Saturday 30 September 2017

We all say yé-yé: recreating the songs of Nobel Prize-winning author Patrick Modiano

The Chanteuse (Lucy Hope)
The Chanteuse (Lucy Hope)
If you know of the French author Patrick Modiano (who won the Nobel Prize in 2014), it is for his novels (there are over 30). But it turns out that Modiano was a song-writer too, penning lyrics for some of the famous yé-yé recording artists in the late 1960s/early 1970s. Some of these songs have now been unearthed by Manchester-based singer, Lucy Hope, who goes by the name of The Chanteuse, and her recording of them has just been released, recorded analogue to tape at Toe Rag studios in Hackney. I caught up with Lucy by phone to find out how a Manchester lass ended up recreating yé-yé.

For those unfamiliar with the term, yé-yé refers to a genre of 1960s French pop associated with singer songwriters Serge Gainsbourg and Francoise Hardy; the term yéyé seems to derive from the English 'yeah, yeah' popularised by bands like The Beatles.

The Chanteuse (Lucy Hope) recording at Toe Rag Studios
The Chanteuse (Lucy Hope) recording at Toe Rag Studios
Lucy, it turns out, was doing a Masters in French literature, and was interested in writing about the way literature dealt with expressing the dark fears that arose out of the war. Her tutor suggested that she read Patrick Modiano's books, she did so and ended up doing half of her Masters on Modiano. She became aware that Modiano had written lyrics and rather stored it away as an interesting future project. Skip forward somewhat, and the confluence of circumstances brought the idea of Modiano and performance together.

In 2014 Lucy saw Bill Ryder-Jones (former guitarist with The Coral) performing a gig with the Manchester Camerata as part of the Manchester Literary Festival, based on Ryder-Jones concept album If... (an imaginary film score for the Italo Calvino novel, If on a Winter's Night a Traveller...). That same year Patrick Modiano received the Nobel Prize, and the Manchester Literary Festival asked Lucy if she could do something literary and musical, and she immediately thought of Modiano's songs. In fact, the event never happened but it provided the impetus for Lucy making the album.

The main problem was getting hold of the songs themselves. Lucy had to beg, borrow and steal to get copies of recordings of the songs. Many seemed not to be available, one was only on a Brazilian LP released by Francoise Hardy, and in fact the songs had achieved a sort of mythical status. In the end, Lucy managed to get in contact with Modiano's writing partner Hughes de Courson (Modiano wrote the words, de Courson the music), and it turned out that de Courson had made an album of the songs.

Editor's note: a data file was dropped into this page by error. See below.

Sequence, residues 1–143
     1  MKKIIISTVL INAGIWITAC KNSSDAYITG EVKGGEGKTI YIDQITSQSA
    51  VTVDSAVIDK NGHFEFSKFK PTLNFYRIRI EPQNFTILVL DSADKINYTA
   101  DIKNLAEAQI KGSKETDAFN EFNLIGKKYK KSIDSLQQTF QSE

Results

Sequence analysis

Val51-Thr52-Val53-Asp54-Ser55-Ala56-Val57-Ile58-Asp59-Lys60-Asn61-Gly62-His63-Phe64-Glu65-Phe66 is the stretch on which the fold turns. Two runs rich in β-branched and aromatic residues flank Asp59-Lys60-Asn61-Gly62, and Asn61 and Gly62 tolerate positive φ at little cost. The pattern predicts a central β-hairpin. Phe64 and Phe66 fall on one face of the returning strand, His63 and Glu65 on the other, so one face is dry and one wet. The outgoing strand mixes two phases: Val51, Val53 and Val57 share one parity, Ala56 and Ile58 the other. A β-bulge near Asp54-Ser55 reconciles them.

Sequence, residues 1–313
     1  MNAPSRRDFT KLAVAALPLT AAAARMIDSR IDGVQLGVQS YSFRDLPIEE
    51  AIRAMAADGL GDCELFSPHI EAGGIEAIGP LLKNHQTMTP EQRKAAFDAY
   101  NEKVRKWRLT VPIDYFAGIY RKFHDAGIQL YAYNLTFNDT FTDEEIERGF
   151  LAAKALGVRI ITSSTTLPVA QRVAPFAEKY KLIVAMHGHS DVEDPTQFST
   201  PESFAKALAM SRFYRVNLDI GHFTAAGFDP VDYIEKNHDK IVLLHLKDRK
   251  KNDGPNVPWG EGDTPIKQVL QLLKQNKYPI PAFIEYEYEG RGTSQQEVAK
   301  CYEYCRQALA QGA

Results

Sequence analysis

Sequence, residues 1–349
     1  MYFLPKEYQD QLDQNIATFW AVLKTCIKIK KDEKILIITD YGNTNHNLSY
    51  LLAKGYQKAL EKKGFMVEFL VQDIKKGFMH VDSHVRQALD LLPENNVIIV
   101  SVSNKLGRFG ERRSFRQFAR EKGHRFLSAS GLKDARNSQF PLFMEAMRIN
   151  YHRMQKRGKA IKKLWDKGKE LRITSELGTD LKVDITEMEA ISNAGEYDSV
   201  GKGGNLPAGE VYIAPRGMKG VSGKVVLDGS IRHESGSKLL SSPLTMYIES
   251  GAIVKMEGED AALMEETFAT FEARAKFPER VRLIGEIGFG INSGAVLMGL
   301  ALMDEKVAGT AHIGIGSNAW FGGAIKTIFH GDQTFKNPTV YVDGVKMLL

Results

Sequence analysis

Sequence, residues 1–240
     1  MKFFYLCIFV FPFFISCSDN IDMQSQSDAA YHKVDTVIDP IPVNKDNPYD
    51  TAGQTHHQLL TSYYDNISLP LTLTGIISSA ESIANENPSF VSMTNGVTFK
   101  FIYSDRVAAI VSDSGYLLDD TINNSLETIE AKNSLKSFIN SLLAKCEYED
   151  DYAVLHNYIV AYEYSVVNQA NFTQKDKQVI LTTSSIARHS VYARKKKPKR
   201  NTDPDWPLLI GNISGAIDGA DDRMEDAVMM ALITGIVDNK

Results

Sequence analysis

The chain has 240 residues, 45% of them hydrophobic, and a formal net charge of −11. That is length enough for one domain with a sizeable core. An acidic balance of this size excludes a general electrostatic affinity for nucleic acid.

The Chanteuse (Lucy Hope) recording at Toe Rag Studios
The Chanteuse (Lucy Hope) recording
at Toe Rag Studios
So, Lucy's arrangements are based on these original songs (which have string arrangements by Jean Claude Vannier who used to work with Serge Gainsbourg), and she worked with Fiona Brice who transcribed and re-worked Vannier's arrangements. Lucy describes the new arrangements as 'the same but different', explaining that the did not want to change everything. She and the band (piano, bass, drums, percussion, guitar) practised for four days and then went into Toe Rag Studios and effectively recorded the songs live, with an overdubbing of synth and strings (the strings led by Fiona Brice who had done the arrangements).

Lucy comes from a non-musical background, and trained to be a teacher but found the whole idea a bit overwhelming and took a deferred year before she became a teacher. She had what she calls a Damascene moment, having previously only sung as an amateur and decided to give singing a go for the year and that was seven years ago. She has been singing Modiano's songs since 2014, but her repertoire encompasses a wide range of French chanson from Piaf and Brel, to the songs of Brigitte Bardot, Francoise Hardy and yéyé. Initially she did other styles as well, but French chanson has rather taken over and become her thing.

She describes the song writing partnership of Modiano and De Courson was rather left field. Modiano's official biography hardly refers to them and he seems to regard them as a youthful jeu d'esprit. Lucy found 16 Modiano/De Courson songs in all and for a short time thought of recording them all. But finally whittled them down to eight based on the lyrics. Some seemed a little odd, and some entirely inappropriate such as the one about going to visit a midget prostitute!

The album is coming out on 6 October, and there is a launch event on 13 October at Sacred Trinity Church, Salford. M3 7WQ with the Manchester Collective. But she also has what she describes as a 'warm-up event' at the Manchester Food and Drink Festival on 3 October

The Chanteuse sings the songs of the prizewinning author Modiano
Full details from The Chanteuse website, and tickets for the launch event from EventBrite.

The Chanteuse sings the songs of the prizewinning author Modiano - available from Amazon.

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